Collector: John Cage, Vicky Chow, IT IT
Each Friday, Collector will present three disparate but artistically worthwhile digital artifacts from the worlds of music, performance, and art.
John Cage “Four2”
Composed for and dedicated to the Madrigal Choir of the Hood River Valley High School, “Four2” is one of John Cage’s late period (1987–1992) compositions where the first number in the piece title refers to the number of performers involved and the second number, the exponent, indicates how many pieces have already been written for that number of performers. In this case, “Four2” — Medium doesn’t seem to accommodate exponent formatting — is the second piece for four performers. But, as a curve ball, in this performance, four performers is interpreted as four groups of performers — sopranos, altos, tenors, basses.
Most of these pieces incorporated Cage’s timed time bracket notation technique, indicating when a note or sequence of notes should start and end.
For this piece, “There are 3 time brackets for sopranos, 4 for altos, 6 for tenors, and 6 for the basses. The score also supplies a pronunciation table. Each section of the chorus (sopranos, altos, etc.) may be divided into two or more groups, so that one group started the sound and the other continued it.”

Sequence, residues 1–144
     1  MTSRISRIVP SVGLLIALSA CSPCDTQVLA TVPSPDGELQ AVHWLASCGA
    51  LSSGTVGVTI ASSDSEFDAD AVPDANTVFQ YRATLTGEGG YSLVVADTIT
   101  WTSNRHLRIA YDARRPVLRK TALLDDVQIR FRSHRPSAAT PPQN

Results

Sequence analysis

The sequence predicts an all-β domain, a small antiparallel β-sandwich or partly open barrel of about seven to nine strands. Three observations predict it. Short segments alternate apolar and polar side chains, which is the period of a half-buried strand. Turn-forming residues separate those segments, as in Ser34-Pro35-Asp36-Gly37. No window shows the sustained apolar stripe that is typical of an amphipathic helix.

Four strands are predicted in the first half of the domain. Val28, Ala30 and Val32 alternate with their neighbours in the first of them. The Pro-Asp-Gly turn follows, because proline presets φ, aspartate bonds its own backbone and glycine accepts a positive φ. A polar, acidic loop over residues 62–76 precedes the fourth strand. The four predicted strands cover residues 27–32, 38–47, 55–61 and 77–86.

I was only recently made aware of Cage’s 40 numbered pieces. They are quite beautiful!
Vicky Chow performing Tristan Perich’s “Surface Image”
I had the pleasure to see Bang on a Can All-Stars’ pianist Vicky Chow perform this piece live at The Andy Warhol Museum as part of Pitt’s Music on the Edge series. “Surface Image” is composed for solo piano and 40-channel 1-bit electronics. While the electronics are captivating, gorgeously thickening and thinning in rhythmic bursts and drones, Chow’s performance of this intense work is magnificent!
IT IT “Everyone Can Win”
I love how every song on this EP starts with collaged voices and instrumental tracks and then finds in the middle of a beautiful pop song. This record is definitely one of the more delightfully surprising releases from a Pittsburgh band in a while — a record that keeps twisting in and out of its core of guitars, drums, and really lovely vocals.